The hallmark of a Buck Showalter team is usually two things – home run driven crooked innings and a lock down bullpen. That’s what Buck’s team does. In his 6th full season as the skipper, the O’s are fitting the mold. It’s been a progression to come from the team he inherited to the team that takes the field now. As you can see in the graphic below, the O’s have moved to be one of the best HR hitting teams in the league, while the bullpen ERA has moved all the way from flirting with 5 to a top-five unit.
Showalter has a reputation as the manger with the contender touch, having had success rebuilding the Yankees, Diamondbacks, Rangers, and now the Orioles. Power and late-inning pitching have served well as the main ingredients to the recipe for success that the Birds have used to climb from almost dead last in the league to the second best record in baseball last year.
This has been the longest Buck has stayed a manager with a team, a journey that started when the O’s parted ways first with Dave Trembley and then interim manager Juan Samuel in 2010. As has been well documented, in the beginning of the 90’s he managed the Yankees for four seasons. Buck left and the Yankees won the World Series. In Arizona, after three years of Buck, the Diamondbacks changed managers and won the World Series. Four years of .500-baseball in Texas set the table for two World Series trips for the Rangers a few years later.
So, maybe Buck is due. Or was there a missing element that Showalter lacked in management?
While this O’s team has broken through to having some success in the playoffs, what will put them back in the Fall Classic after more than two-decades? What is the missing piece? Let go a little deeper. Get ready to get your inner stat geek on, y’all.
Below is a graphic comparing the Orioles to the eventual ALCS champs of each of the last six seasons. The rankings are for all of baseball. I included the rankings for numbers alone, without comparison, don’t tell the full story. Even with some context, I acknowledge these are just statistics. A metric for Magic has eluded even those deep in the bunkers of the Sabermetrics super computer facility.
What’s it all about, Alfie? Well, what stands out to me most is the lack of a running game. Now, you might argue that it’s hard to steal bases if you’ve cleaned them with a homer. Noted. But looking at the last six AL champs, 5 of the 6 were at least in the top third in base stealing. The O’s were dead last 2 of the last 3 years. As Gunnery Sergeant Hartman from Full Metal Jacket would say, the Orioles run like old people f*%#.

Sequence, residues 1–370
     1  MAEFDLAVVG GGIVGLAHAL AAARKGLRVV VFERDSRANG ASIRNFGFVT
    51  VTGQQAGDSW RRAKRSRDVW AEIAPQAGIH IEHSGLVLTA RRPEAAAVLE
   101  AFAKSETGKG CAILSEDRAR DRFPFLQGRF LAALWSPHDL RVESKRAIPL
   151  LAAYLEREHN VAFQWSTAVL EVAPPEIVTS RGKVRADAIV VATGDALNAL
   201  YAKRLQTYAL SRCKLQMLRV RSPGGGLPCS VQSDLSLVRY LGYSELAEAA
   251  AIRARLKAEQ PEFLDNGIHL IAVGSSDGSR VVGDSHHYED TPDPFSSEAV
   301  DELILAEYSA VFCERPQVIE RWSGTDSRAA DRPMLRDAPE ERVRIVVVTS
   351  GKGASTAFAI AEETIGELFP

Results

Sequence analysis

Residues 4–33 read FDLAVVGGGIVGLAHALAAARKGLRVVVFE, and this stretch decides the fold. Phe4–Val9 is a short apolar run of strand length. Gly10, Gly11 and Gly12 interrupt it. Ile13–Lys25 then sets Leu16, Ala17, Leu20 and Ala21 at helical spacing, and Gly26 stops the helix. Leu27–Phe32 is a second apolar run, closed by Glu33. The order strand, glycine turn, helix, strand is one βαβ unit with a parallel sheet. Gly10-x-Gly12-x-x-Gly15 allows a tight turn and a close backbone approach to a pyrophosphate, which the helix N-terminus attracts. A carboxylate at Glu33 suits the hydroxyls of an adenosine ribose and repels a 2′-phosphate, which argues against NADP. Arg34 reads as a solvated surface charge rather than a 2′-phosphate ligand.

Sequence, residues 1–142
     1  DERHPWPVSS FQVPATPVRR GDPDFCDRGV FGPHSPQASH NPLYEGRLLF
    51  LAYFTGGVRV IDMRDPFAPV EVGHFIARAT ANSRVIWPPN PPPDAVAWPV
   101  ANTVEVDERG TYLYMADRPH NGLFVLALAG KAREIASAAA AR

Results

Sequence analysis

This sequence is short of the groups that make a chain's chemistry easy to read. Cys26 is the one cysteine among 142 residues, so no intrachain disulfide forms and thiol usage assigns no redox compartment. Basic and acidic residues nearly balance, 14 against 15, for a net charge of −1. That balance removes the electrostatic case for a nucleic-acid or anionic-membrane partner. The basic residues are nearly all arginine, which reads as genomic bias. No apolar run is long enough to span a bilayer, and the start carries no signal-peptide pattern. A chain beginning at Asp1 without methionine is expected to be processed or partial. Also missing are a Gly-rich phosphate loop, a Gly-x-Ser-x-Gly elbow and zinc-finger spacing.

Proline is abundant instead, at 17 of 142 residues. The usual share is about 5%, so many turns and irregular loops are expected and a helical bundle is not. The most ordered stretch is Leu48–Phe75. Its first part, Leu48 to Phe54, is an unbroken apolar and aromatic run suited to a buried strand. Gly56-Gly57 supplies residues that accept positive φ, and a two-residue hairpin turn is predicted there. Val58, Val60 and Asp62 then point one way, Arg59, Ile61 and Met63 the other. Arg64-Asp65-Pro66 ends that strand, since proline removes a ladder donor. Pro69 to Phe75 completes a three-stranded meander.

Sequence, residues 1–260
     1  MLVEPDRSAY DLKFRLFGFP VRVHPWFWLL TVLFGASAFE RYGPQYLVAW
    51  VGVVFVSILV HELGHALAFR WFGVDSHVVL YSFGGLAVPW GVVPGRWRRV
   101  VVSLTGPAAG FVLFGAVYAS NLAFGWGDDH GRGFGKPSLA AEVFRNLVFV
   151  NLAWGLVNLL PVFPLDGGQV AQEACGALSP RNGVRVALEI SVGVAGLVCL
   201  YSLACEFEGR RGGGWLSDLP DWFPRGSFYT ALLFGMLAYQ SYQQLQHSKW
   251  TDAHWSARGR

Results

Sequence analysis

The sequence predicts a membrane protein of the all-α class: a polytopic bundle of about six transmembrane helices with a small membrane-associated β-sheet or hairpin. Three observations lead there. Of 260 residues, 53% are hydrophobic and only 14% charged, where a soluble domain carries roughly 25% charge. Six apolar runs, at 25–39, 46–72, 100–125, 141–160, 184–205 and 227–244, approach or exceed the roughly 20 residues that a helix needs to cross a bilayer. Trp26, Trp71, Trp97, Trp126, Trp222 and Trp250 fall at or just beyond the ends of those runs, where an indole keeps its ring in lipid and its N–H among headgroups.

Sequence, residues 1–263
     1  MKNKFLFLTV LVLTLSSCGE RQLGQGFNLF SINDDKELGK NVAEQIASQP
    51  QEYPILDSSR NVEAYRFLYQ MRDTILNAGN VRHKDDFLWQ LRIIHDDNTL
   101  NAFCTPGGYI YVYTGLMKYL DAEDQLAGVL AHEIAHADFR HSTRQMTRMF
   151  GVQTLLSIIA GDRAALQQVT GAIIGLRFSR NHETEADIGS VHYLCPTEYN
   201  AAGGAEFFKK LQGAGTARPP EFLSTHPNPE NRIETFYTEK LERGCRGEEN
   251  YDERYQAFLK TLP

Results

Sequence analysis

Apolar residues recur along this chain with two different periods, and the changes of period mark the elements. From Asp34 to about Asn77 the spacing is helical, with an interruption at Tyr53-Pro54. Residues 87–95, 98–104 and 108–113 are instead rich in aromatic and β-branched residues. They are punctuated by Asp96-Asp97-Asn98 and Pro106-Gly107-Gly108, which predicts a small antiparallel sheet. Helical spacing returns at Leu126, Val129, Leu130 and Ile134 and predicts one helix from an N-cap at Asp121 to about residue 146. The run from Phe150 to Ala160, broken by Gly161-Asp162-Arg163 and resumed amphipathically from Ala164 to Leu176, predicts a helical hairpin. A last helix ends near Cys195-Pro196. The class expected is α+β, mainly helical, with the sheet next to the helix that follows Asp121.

The Orioles didn’t have one player with a double-digit stolen base total in 2014. Not one. Even the World Champion 2012 Tigers, who would have been last in stolen bases had the Orioles not existed, had two players with double-digit steals. David Lough led the O’s with 8 steals last year. That’s right. Only 8 more steals than you and I had last year.
Comparing the Orioles averages from the last three years versus the averages of the last 6 AL champs, we see the glaring 60 stolen base difference. The starters’ ERA is higher than the average previous champ, but that improved to 12th in baseball last year. However, excluding the anomaly of 2013 when Nate McLouth stole 30 bases, the O’s have been in the bottom third, if not last, in stolen bases.
You could argue that the O’s aren’t on base enough. Well, they were 16th in the majors last year in On-Base-Percentage… one spot behind the Kansas City Royals, who led the majors in stolen bases. The Orioles only attempted to steal a base 64 times all year. That is 15 less than Miami, making the O’s last in the majors in attempts as well. Just like the lottery, you can’t win if you don’t play.
This year, the O’s have stolen 8 bases so far. That would put them on pace to steal 72 bases for the season. That’s on par with what they’ve done for 6 seasons. Perhaps, for Buck and the Birds to win the big one, they need to tweak the formula that has helped them turn it around and add that final piece to their game. They gotta run!